What’s a normal day in the life? Walk us through.
Getting up, working out. Right now, it’s mostly just studio. This year, it was just about the music. Normally, if it’s like for shows or preparing for videos, it’s going crazy with 8 hour rehearsals for the most part.

Favorite song to perform in a set?
Probably “My Main” just because no matter where I am and what age, it’s just a song for girls to rep their friends. I just feel like it never gets old. You’re always going to like to do the song where you get energy from the people. I definitely like doing that one. But from all the new stuff, I’m not going to know what I’m going to like the best. It’s my favorite music that I’ve done.

What was the last tour you did?
Earlier this year, I did a tour overseas. It was about 6 shows. Before then was Australia.

How was the fan reception there?
Bomb. They really appreciate too, because a lot of R&B and hip-hop don’t really go out there. The promoter I was with was telling me they fiending for that to come. When you come, they really appreciate. Here in LA, you get spoiled. It’s like, “You performing every 2 days, at some club.” It’s like “I’ma see you when I see you.” But out there, it’s like, “Yo, I don’t know when this person’s coming back.”

I remember going to Japan, not even for a show for me. I was with a friend. They just assumed I was going to be there because we were friends. They came with a record that I didn’t even have, an actual record from the first girl group I was ever in. I was like, “How do you have this? I don’t even have this.” They were like, “Is Mila J back here?” I’m like, “Someone’s asking for me?” They were like, “Yeah, these fans want you to sign this.” Overseas is lit, I’m not going to lie.

3 things you need in the studio?
My voice, a little weed, and my charger for my phone.

What’s the best encounter you had with a fan?
I’ll never forget this older lady, she was probably in her 50’s. Let me tell you, I was hosting a club in the Bay. The security guy was like, “This lady she really wants to see you.” I’m like, “Yeah it’s cool, let her come.” She came just so urgent — she was on leave from the army — but she was like, “I drove 4 hours because I heard you were going to be here.” I have this song called “No More Complaining,” which is basically just that. It’s you put up with it or let it go. She just starts crying the club and I’m like, “Why is this lady crying the club?”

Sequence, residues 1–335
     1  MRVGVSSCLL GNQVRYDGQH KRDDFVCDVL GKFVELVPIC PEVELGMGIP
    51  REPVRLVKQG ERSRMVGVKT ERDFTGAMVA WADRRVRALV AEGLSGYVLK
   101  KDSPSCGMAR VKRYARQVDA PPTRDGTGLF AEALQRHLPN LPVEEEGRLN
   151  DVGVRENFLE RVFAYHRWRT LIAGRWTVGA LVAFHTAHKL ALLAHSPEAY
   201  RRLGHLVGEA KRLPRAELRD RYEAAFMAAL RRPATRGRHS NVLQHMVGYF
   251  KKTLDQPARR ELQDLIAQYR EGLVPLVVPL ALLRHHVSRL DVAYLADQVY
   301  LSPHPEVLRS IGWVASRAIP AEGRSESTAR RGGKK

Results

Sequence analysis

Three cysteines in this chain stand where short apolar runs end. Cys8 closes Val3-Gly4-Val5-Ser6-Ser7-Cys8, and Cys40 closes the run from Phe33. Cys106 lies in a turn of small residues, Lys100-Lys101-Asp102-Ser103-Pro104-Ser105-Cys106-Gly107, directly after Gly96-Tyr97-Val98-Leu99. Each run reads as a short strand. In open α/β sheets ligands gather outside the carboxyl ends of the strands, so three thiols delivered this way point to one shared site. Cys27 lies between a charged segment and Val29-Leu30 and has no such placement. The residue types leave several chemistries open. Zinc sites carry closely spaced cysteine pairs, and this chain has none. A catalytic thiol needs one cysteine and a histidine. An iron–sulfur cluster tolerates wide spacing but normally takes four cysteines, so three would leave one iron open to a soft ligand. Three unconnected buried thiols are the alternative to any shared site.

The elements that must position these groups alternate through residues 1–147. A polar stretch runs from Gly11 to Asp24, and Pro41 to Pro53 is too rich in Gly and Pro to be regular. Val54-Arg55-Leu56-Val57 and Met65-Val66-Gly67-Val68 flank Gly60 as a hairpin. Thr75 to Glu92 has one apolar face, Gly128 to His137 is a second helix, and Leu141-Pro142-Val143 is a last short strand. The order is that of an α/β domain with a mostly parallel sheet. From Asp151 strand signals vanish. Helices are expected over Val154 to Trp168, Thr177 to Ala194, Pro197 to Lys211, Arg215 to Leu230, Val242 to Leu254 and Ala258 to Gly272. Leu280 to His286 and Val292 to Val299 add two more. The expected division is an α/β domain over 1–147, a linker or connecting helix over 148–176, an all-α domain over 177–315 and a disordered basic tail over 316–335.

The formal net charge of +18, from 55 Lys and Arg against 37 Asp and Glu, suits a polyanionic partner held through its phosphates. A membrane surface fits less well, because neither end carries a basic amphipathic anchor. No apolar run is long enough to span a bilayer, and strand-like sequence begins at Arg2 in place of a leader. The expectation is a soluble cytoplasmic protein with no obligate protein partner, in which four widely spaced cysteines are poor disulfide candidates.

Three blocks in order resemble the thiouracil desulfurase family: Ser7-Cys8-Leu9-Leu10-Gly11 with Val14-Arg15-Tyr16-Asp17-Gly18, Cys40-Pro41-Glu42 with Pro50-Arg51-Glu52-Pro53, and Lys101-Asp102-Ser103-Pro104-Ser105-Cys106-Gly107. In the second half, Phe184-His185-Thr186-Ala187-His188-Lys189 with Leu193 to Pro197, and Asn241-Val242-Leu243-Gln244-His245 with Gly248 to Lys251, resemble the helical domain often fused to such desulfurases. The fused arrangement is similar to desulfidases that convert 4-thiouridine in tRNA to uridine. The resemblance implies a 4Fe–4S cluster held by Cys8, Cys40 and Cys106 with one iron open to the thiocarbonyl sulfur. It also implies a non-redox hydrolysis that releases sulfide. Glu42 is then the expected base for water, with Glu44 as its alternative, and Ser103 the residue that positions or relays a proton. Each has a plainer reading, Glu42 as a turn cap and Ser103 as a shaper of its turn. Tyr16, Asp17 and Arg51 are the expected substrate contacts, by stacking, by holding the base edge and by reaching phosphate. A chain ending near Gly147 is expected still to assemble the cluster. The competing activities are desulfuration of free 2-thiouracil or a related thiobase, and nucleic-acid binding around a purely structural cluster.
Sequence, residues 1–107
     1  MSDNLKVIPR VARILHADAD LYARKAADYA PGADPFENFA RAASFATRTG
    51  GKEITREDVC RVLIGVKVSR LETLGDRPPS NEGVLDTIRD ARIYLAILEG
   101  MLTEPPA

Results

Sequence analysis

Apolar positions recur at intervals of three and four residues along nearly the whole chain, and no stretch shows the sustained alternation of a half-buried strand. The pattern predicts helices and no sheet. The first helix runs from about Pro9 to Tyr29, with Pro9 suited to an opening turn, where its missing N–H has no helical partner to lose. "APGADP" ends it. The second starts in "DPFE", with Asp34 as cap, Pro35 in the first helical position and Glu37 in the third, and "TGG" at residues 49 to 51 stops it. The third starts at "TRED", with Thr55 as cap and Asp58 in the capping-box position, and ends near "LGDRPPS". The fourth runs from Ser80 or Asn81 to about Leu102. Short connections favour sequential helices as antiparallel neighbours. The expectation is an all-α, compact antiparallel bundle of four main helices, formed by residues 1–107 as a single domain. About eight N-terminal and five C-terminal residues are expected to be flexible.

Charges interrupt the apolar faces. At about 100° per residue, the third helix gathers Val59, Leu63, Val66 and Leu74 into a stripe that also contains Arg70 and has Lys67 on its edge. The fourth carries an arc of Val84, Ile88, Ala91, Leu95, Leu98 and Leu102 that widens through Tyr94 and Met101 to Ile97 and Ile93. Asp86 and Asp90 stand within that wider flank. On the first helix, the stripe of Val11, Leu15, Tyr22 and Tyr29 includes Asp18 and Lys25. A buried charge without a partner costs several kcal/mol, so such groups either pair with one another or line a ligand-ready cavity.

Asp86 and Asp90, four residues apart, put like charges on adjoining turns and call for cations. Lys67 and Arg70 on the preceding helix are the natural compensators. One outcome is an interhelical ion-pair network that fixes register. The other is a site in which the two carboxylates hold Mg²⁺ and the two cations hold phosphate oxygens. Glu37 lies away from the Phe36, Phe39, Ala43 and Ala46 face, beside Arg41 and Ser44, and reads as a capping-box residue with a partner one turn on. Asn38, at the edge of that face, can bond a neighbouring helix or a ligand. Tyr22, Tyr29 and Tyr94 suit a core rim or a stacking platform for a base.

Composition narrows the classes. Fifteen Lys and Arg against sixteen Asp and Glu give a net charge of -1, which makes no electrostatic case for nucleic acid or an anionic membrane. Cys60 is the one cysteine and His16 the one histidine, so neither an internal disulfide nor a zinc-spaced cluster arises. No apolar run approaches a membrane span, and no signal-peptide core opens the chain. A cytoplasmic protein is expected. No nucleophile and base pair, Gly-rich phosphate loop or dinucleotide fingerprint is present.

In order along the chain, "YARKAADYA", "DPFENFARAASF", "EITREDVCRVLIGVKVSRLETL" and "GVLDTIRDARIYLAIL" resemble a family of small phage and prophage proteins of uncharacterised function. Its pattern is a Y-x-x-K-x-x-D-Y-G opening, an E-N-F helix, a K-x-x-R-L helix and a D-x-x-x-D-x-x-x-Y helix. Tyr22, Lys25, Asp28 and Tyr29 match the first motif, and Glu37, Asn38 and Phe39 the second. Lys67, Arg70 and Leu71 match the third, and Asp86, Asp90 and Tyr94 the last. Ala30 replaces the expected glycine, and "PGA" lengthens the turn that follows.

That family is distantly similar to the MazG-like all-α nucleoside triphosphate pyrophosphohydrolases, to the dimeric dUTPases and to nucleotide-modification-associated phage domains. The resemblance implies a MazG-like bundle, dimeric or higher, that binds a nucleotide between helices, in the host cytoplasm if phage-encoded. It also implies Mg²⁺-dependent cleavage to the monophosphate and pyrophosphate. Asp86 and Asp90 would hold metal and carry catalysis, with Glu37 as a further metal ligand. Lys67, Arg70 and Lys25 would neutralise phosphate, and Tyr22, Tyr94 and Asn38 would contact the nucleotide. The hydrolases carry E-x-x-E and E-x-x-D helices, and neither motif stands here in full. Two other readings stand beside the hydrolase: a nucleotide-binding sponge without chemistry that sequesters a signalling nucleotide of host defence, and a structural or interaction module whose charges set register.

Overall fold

She was just like, “I had to come tell you, you are the reason why I left my toxic relationship. My husband was abusive and I was just listening to that song. It literally came on and I looked at him and was like, ‘No, this is it.’” She just had to come personally and tell me that. I just thought that was cool because she’s not a club lady. She made it a point to drive, come, put herself in the situation that is not her thing… I was just like “whoa.” I’m not good with people crying. I’m like, “No, no, don’t cry. I’m glad you’re okay.”

What would you be doing if you weren’t doing music or acting?
I love working with kids. All of my jobs as a teenager was working at YMCA’s, so something with kids honestly. Or film. I really like photography. I’ve always been obsessed with cameras, before the selfie era.

Who’s the most played artist on your phone?
Besides me, Drake. That’s a give in. Astroworld, it has a little vibe to it. Even if you don’t know the words, it’s just the music. Cardi B, obviously.

Dream collab?
My dream collab would be with my sister. Not like a dream collab, but that would be the most special.

Anything else you want to let us know?
Download the Mila J app! Most of my content with be there. A lot of the behind-the-scenes. A lot of the process of making the different albums. Come into my world.